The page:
Green jobs are the new challenge for Africa's youth

December 2019

Blog

The youth population in Africa is on the rise, yet opportunities for decent employment remain minimal. According to the ILO, youth unemployment in Sub-Saharan Africa remains relatively low, as many young people cannot afford not to work.

However, young people (60% of Africans are between 16-24 years of age) suffer from under-employment and a lack of decent working conditions. The majority of these underemployed and unemployed youth reside in rural areas. 

Barriers to entry

Despite the enormous opportunities presented in agri-business, multiple barriers and challenges persist that hinder Africa's youth from venturing into the world of agri-business development. These challenges include:

  • The perception that agriculture is for “old folks” and a lack of exposure to off-farm and on-farm opportunities in agri-business has hindered young people from pursuing opportunities in the sector. 
  • Lack of skills (numeracy and literacy), entrepreneurial acumen and lack of technical know-how on modern farming techniques remain staggering blocks that keep young people from exploring enterprise development in agriculture, related value chains and ultimately, creation of green jobs. 
  • Access to capital – On the one hand, the youth lack the required assets to secure credit and are perceived as “high risk and not creditworthy” by a majority of lending institutions. On the other hand, rural young women particularly face gender stereotypes in relation to land ownership, access to credit and many have low levels of education that reduce their competitive entry and market expansion of their enterprises.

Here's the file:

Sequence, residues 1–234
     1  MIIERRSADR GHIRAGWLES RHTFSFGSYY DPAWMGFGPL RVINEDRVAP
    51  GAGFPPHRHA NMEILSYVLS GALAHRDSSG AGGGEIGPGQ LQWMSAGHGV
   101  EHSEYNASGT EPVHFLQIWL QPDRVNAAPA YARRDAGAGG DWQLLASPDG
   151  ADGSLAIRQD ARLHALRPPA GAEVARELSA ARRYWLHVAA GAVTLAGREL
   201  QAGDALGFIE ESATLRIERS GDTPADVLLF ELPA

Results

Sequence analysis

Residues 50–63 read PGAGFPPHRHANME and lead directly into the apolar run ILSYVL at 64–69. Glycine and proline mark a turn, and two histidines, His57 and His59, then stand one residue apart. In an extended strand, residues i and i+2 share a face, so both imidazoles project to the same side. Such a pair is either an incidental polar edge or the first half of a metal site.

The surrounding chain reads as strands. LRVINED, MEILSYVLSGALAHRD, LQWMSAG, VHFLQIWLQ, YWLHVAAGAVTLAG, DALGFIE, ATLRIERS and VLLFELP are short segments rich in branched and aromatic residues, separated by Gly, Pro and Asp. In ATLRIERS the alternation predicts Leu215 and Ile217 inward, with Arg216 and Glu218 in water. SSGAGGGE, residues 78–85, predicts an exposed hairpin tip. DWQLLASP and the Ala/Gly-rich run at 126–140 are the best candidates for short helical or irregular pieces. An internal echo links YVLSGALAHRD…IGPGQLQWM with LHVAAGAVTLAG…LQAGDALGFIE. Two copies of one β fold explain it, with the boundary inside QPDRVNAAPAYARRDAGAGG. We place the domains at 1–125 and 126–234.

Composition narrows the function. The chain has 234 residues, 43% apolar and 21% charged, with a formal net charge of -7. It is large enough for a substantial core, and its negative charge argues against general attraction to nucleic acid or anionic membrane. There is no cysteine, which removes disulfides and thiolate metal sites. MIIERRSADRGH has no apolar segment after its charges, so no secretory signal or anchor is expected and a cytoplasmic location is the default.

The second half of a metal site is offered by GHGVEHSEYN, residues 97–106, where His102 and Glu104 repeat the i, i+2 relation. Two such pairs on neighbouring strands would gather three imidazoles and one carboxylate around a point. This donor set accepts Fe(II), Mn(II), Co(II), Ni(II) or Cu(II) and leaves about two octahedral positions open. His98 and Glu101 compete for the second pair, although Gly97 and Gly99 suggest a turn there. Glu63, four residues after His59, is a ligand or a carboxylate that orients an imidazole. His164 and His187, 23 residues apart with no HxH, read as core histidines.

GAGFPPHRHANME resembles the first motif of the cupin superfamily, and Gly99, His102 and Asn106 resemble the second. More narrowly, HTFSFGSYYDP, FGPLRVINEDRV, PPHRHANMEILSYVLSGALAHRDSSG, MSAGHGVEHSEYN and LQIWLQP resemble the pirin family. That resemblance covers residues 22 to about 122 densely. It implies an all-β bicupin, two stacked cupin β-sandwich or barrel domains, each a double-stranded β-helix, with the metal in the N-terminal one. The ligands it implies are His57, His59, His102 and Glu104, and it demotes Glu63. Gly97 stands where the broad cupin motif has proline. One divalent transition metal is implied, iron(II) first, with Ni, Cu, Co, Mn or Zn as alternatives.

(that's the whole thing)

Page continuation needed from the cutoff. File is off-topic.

• Minimal access to information (or right information), market linkages, high costs of inputs such as seeds and fertilizers, land tenure and cultural inheritance practices hinder youth and young women from owning productive land. 
  • The causes and effects of climate change in addition to environmental degradation have long term effects on agricultural outputs and undermine efforts to achieve sustainable food security. 
  • Lack of or ineffective implementation or adaptation of government policies that support climate-smart agricultural practices.
  • Lack of enabling environments that encourage the entry of young women and youth into agri-business opportunities and the creation of decent green jobs.

SNVs Opportunity for Youth Employment (OYE) approach/trajectory:

In response to this challenge, SNV has over the past 10 years developed and honed its Opportunities for Youth Employment (OYE) approach in several countries in Sub-Saharan Africa. OYE, a market-based approach, improves the livelihood of rural and semi-rural out of school unemployed and underemployed youth (aged 18 – 30 years) by enabling them to access and create gainful employment (wage and self-employment) in core SNV sectors:  Energy, WASH and Agriculture. 

Our OYE intervention aligns with local entrepreneurial eco-system development objectives, enabling youth to identify feasible market opportunities based on available resources, interests, passions and aspirations (Push); while at the same time triggering markets to work for young people (Match) by providing different pathways to (self) employment or wage employment (Pull).  To learn more about OYE impact numbers, testimonials and SNV's product approach, click here.

 Examples from the field